My research broadly tackles questions of technology, equity, and accountability within the Global South. I emphasise the West’s use of sub-Saharan Africa as a testing ground or laboratory for its nascent technologies before launching them in the West. This blog is an excerpt from my recent presentation at the 2022 Gates Day of Research, titled “Building to Brexit: How Cambridge Analytica Influenced Nigeria’s Presidential Elections.”
Cambridge Analytica & Nigeria
In what some scholars have termed as the “digital war in Africa”, companies and sometimes even governments and wealthy private individuals are leveraging digital media propaganda in covert ways to influence the traditional running of democratic elections. In relation to their 2007 work in Nigeria, SCL Group – of which Cambridge Analytica is a subsidiary – admitted to advising that “a more effective strategy might be to persuade opposition voters not to vote at all – an action that could be easily monitored”.
In order to realise this, SCL Group organised “anti-election rallies on the day of polling in opposition strongholds.” Opposition strongholds are regions where there is significant support for the major candidate that Cambridge Analytica did not want to win. Such rallies were led by local religious figures to “maximise their appeal especially among the spiritual, rural communities”. Those reflecting on this election and the controversy around it recall it as “one of the worst they had ever seen” in Nigeria. Examples of election interference and fraud were abundant, with “reported incidents of ballot stuffing, theft of election materials, vote buying, underage voting, altering of official results forms, and widespread violence”. The European Union had 150 observers monitoring this election. They determined the election fell “far short” of basic standards.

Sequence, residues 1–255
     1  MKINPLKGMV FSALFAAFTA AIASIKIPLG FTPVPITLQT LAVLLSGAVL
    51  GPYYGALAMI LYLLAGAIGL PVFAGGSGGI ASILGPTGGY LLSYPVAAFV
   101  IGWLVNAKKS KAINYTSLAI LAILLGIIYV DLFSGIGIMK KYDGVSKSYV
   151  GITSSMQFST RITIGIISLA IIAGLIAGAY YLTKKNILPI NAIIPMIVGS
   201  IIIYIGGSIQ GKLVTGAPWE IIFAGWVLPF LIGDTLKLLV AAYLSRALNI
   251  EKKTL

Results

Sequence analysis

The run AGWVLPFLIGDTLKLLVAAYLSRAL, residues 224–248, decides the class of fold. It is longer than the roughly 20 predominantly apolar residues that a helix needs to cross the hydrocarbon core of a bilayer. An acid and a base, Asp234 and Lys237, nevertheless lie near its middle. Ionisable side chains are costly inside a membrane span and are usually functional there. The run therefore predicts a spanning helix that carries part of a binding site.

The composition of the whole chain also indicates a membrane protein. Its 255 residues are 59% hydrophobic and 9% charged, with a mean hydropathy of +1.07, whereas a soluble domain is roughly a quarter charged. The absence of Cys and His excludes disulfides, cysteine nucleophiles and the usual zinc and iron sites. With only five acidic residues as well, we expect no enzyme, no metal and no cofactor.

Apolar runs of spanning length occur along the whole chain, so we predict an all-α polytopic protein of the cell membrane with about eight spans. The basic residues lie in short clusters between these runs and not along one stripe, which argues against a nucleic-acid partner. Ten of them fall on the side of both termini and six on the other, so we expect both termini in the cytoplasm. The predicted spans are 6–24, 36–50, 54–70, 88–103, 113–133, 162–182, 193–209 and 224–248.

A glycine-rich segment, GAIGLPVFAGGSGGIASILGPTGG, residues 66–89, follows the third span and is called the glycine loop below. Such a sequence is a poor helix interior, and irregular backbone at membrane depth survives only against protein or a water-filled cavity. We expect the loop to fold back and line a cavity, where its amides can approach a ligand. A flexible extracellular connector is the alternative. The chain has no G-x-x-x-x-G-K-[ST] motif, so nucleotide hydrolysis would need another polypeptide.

The 2015 elections
In 2015, Cambridge Analytica continued their targeted election content in Nigeria with campaigns promoting Goodluck Jonathan’s re-election. In December 2014, Brittany Kaiser, a senior executive at Cambridge Analytica – and later a prominent whistleblower – had been introduced to an unnamed Nigerian oil billionaire who was interested in contracting Cambridge Analytica to run a covert presidential elections campaign in favour of the incumbent candidate Goodluck Jonathan.
In the election, Jonathan represented the Peoples Democratic Party (PDP) and was opposed by Muhammadu Buhari who represented the All Progressives Congress (APC). That same month, and less than eight weeks before the election was due to occur, Kaiser flew to Washington, D.C. to meet with the Nigerian team with whom she would be working. The proposed budget for the campaign to defeat Buhari was £2 million (₦1.05 billion or $2.5 million).
Buhari’s campaign was run by AKPD Message and Media. This was the same firm from which former President Barack Obama’s strategist David Axelrod had come. As a result, there were noticeable parallels in how the campaigns of Buhari and Obama were run, particularly around the tenets of hope on which both were fixed. One former Cambridge Analytica employee described the campaign this way: “It was the kind of campaign that was our bread and butter…We’re employed by a billionaire who’s panicking at the idea of a change of government and who wants to spend big to make sure that doesn’t happen.”